A Brief Guide to Alimony in Nebraska

In this article, we will discuss the many aspects of alimony as they pertain to the state of Nebraska. We will discuss the definition of alimony and the types of alimony for this particular state, as well as the factors that play into how it is calculated and awarded. 

Navigating the many parts of divorce is difficult, and it is our hope that this article will provide some insight into this particular aspect of the divorce process. 

What is Alimony?

The definition of alimony is “a husband or wife’s court-ordered provision for a spouse after separation or divorce.” In other words, these are monies paid from one spouse to the other after the divorce or separation has taken place. One spouse is not able to completely support themselves and must depend upon the other for financial assistance for some length of time. 

Keep in mind that alimony is not a given. You and your spouse can come to an agreement about payments, or the spouse seeking an alimony award can request that the court makes an order. 

The terms “alimony” and “spousal support” or just “support” mean the same thing, and we will use them interchangeably for the purposes of this article. 

Types of Alimony in Nebraska

There are three types of alimony found in the state of Nebraska. These are known as:

  • Temporary 
  • Rehabilitative 
  • Reimbursement 

Temporary alimony may be awarded by a judge when a couple has separated but not yet divorced, or the divorce has not been deemed final according to the court system. This alimony allows the recipient spouse to keep up a standard of living while they adjust to their new life as a single person. You may also hear this referred to as alimony pendente lite. 

Rehabilitative alimony is support monies that are provided for a relatively short duration to allow the spouse receiving such funds the chance to adjust to their new life and establish themselves financially. They use the funds provided in a “rehabilitative” sense – that is, to become a self-sufficient individual. 

For instance, once the divorce has been finalized, the judge or divorce decree may order rehabilitative alimony based upon criteria of termination, such as remarriage of the recipient spouse or the finding of gainful employment.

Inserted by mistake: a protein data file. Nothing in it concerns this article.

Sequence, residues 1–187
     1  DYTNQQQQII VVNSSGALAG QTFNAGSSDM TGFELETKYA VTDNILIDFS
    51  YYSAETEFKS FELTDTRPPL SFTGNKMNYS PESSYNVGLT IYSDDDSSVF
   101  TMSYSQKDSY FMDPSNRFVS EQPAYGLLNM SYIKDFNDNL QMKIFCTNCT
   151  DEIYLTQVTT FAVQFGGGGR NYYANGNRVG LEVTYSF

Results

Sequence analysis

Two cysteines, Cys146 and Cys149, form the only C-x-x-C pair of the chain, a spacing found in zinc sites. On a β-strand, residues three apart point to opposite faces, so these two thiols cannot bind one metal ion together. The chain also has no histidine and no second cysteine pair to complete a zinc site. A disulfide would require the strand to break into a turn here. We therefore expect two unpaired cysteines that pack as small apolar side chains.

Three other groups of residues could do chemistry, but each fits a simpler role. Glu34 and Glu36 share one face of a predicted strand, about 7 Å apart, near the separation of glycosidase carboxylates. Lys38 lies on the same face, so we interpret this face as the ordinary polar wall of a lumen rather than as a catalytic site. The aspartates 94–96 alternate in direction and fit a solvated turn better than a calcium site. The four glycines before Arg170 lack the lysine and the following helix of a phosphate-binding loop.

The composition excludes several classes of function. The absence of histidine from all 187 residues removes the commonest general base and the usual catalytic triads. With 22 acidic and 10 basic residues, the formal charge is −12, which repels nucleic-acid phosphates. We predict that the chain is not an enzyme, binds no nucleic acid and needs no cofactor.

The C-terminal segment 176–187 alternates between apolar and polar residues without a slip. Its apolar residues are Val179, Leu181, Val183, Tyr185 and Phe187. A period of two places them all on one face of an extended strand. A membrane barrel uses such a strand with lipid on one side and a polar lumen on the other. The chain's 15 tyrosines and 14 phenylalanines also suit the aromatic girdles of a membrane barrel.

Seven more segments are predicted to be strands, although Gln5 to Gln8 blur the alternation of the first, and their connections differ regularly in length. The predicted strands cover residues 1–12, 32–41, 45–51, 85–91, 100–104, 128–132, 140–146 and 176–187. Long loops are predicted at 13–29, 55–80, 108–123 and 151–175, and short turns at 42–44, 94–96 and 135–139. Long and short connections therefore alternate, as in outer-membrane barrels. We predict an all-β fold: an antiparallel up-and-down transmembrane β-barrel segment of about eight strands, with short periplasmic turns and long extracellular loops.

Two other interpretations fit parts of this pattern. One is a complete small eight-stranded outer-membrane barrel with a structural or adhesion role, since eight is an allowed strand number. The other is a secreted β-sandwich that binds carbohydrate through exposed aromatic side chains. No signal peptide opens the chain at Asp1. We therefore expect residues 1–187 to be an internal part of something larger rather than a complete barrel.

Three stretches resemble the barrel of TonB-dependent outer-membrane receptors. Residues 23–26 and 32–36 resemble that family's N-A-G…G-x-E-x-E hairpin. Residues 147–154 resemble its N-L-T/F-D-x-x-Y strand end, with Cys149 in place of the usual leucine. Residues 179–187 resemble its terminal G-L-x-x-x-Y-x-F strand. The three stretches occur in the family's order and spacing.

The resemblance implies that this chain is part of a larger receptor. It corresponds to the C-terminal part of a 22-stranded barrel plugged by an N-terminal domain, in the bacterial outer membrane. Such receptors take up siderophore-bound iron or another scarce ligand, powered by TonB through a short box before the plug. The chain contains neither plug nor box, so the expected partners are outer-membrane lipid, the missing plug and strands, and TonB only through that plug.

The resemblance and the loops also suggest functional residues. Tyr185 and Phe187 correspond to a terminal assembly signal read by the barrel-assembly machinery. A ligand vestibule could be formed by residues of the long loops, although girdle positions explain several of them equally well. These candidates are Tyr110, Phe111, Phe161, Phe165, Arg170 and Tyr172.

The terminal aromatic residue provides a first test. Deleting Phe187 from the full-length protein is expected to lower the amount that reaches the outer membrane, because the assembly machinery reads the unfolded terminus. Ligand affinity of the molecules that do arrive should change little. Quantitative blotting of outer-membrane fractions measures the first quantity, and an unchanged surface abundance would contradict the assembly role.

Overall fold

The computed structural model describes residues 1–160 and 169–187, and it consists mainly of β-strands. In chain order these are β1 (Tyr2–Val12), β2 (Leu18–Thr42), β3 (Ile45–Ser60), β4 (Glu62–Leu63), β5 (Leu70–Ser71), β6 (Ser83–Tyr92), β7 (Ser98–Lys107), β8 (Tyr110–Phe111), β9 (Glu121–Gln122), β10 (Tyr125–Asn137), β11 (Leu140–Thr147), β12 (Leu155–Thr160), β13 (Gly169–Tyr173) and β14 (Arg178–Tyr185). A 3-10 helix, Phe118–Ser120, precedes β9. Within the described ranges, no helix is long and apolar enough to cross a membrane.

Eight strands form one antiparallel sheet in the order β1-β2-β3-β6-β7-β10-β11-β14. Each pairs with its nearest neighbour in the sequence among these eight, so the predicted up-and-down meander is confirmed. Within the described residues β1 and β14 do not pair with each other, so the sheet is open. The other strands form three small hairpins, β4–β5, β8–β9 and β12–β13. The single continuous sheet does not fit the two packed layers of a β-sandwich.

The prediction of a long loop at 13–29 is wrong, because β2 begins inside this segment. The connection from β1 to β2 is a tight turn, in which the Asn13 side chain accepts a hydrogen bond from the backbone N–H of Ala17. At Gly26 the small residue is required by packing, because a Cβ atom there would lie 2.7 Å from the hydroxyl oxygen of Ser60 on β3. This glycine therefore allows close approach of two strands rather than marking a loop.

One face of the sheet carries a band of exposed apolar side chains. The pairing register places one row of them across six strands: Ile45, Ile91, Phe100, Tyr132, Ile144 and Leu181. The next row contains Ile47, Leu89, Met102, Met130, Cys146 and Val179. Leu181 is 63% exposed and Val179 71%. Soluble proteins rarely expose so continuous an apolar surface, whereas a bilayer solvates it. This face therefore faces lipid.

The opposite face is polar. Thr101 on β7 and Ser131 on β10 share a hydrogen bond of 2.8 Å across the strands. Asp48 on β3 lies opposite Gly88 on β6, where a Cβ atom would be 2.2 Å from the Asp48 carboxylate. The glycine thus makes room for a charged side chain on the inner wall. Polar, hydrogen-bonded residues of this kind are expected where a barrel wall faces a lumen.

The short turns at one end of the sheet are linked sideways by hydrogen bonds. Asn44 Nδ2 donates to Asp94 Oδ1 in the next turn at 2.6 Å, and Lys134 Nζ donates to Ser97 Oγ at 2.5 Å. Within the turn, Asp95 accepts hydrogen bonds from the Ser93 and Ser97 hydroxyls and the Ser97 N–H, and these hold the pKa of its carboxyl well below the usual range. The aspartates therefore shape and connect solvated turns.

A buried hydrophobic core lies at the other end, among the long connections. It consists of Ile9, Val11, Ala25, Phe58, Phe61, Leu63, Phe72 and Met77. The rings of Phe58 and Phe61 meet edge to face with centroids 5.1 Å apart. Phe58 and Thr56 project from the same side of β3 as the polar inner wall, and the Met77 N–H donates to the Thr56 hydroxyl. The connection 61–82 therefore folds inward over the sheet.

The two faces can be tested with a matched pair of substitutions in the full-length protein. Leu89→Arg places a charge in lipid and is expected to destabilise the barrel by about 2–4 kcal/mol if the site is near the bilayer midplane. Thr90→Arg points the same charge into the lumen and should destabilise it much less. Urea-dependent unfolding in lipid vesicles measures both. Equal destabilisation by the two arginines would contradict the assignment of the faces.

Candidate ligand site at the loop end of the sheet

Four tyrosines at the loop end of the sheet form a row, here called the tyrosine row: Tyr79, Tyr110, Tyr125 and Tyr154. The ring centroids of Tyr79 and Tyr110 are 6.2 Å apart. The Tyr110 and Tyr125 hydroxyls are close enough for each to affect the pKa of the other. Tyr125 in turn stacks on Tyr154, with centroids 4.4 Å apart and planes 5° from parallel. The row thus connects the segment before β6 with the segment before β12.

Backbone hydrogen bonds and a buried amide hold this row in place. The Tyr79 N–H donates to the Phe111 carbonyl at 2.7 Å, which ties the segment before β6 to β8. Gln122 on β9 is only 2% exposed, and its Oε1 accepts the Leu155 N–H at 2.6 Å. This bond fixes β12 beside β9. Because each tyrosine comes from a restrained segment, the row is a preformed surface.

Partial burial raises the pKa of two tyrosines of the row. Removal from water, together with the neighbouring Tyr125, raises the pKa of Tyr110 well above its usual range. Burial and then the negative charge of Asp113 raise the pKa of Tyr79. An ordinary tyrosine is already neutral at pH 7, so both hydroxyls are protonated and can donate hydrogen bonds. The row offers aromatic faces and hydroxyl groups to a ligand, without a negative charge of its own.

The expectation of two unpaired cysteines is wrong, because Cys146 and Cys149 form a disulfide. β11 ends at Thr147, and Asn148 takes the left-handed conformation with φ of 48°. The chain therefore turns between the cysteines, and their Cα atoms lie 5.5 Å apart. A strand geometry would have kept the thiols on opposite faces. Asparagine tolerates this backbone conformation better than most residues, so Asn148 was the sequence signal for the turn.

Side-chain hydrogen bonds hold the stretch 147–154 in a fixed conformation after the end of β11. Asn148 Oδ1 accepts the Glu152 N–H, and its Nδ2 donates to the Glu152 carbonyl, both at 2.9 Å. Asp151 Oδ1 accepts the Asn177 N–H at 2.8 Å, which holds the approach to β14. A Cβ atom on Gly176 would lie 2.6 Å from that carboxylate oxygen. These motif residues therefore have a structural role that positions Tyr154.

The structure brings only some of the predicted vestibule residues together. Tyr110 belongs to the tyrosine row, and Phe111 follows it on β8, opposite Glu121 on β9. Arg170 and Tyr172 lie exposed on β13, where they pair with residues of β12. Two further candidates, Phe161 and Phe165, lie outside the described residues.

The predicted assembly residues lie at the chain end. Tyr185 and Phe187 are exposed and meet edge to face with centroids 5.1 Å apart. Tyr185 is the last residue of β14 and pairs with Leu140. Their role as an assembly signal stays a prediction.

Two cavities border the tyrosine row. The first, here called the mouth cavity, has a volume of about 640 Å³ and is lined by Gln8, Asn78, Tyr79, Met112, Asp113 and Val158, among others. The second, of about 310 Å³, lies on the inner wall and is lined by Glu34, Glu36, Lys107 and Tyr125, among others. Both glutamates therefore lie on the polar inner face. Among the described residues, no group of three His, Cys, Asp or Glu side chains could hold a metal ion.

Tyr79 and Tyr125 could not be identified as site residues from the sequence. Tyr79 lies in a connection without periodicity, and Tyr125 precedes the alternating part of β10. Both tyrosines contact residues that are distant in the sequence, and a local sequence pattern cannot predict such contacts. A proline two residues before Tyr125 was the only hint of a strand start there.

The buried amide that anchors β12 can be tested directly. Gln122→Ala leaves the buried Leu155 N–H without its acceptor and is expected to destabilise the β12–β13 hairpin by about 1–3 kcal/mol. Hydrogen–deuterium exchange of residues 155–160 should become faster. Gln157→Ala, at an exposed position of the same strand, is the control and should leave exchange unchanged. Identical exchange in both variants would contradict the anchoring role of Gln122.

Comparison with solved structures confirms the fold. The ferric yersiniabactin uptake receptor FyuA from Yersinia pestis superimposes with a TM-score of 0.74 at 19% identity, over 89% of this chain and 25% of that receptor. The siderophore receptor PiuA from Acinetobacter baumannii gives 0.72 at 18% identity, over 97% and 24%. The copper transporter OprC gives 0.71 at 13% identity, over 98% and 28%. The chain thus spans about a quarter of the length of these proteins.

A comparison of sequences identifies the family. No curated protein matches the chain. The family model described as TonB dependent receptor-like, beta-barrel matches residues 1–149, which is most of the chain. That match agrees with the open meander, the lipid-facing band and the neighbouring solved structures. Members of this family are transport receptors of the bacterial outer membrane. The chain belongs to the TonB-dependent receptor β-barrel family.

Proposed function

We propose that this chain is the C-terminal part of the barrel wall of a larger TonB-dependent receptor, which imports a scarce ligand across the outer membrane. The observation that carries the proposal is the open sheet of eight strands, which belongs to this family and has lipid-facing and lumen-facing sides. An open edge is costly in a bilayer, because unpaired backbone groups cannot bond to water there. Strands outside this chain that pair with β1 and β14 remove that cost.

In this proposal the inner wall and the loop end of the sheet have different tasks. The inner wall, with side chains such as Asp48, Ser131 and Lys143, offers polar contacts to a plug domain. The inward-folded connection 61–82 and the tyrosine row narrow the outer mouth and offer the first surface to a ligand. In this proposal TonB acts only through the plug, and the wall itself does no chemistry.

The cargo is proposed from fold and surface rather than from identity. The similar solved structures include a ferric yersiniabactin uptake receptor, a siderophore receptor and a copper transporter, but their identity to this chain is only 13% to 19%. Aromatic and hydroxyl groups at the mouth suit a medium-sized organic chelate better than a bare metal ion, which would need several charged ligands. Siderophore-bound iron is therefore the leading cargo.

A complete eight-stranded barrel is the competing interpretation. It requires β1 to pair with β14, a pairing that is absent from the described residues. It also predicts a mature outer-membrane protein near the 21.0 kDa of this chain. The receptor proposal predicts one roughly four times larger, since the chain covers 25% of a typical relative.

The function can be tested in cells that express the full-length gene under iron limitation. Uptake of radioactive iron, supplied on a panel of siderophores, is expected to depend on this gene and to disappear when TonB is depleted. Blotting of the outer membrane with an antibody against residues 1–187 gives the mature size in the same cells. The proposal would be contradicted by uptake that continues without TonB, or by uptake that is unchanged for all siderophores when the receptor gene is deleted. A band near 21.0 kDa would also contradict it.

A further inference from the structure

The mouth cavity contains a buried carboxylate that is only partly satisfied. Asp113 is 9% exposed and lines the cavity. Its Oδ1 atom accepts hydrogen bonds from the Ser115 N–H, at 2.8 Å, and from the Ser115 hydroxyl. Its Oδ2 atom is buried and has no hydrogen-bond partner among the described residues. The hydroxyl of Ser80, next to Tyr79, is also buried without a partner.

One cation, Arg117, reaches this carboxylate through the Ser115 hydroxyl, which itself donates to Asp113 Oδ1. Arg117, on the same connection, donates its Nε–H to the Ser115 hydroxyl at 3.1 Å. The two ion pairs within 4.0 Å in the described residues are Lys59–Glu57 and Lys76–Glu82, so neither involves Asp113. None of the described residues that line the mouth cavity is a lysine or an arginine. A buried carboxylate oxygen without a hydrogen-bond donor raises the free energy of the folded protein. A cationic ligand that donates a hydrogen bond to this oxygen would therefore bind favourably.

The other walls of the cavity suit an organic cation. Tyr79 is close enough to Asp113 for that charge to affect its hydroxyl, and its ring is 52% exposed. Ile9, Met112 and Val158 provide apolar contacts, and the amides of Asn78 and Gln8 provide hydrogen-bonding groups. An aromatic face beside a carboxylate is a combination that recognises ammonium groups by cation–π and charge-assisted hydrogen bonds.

A spouse may need a certain period of time to become gainfully employed; a career that provides gainful employment often requires school or training that can take months to years to complete. 

Reimbursement alimony is exactly what it sounds like. It is funds that reimburse an ex-spouse for an expense or expenses that were paid out on the ex-spouse’s behalf. 

This comes up in situations such as where the husband supported the wife while she went through school to earn a degree. Should she divorce him soon after that, a court may award him reimbursement spousal support. 

The chance that you will get this kind of alimony declines as the time between when you got your degree and the time you got divorced becomes greater. 

In other cases, the husband may be able to get part of the value of the college degree when it comes to the equitable division of marital assets. Professionals such as doctors and attorneys are often the subjects of this variety of spousal support. 

Is There a Formula for Alimony in Nebraska?

In short, the answer is no. There is no specific mathematical formula used for the calculation of alimony in Nebraska. Rather, there are a lot of factors that the judge overseeing your case will examine when deciding if alimony should be awarded. 

Some components affecting the calculation of alimony include the following: 

  • Contributions made to a child support agreement
  • Prospective or potential income
  • How long the marriage lasted
  • A spouse’s ability to be employed due to childcare needs
  • The cost of being financially independent
  • The cost of getting vocational training or an education, such as a 2- or 4-year degree
  • The monetary value of real property and items being divided in the divorce

Bearing in mind these factors, an example alimony case in Nebraska might include the cost of getting a four-year education so that a spouse can attend class, increasing their chance of earning a higher income while their marriage is in effect. 

This may be dependent on how the money is spent and other factors related to good-faith efforts to become financially independent. 

In other cases, the arrangements may be of a more simple nature, such as the award being a lump sum as a means of equalizing the marital estate, a reimbursement sum for helping put the other spouse through university or college, or the compulsory sharing of benefits as part of their potential earnings. 

Furthermore, the court may take child support into consideration when it comes to figuring out alimony. However, it is most likely that your child support will be determined on a separate occasion in court. 

Child support decisions are marked by stricter provisions and longer durations, and are subject to statutory, independent formulas for calculation. Alimony, as we have discussed, is not subject to any mathematical formulas and is totally at the court’s discretion. 

Talking About Factors Affecting Alimony

Should a spouse ask for an alimony award, the court will take a look at several factors as the decision is being processed. 

These factors include the following: 

  • The financial circumstances of each spouse
  • How long the marriage lasted
  • Each spouse’s individual contributions to the marriage (this includes childcare as well as education)
  • If a spouse put their career on hold or interrupted an educational pursuit (such as a college degree) to support the other in some way (providing care for children, for instance)
  • The ability of the spouse who desires alimony to work gainfully without conflicting with their children’s best interest.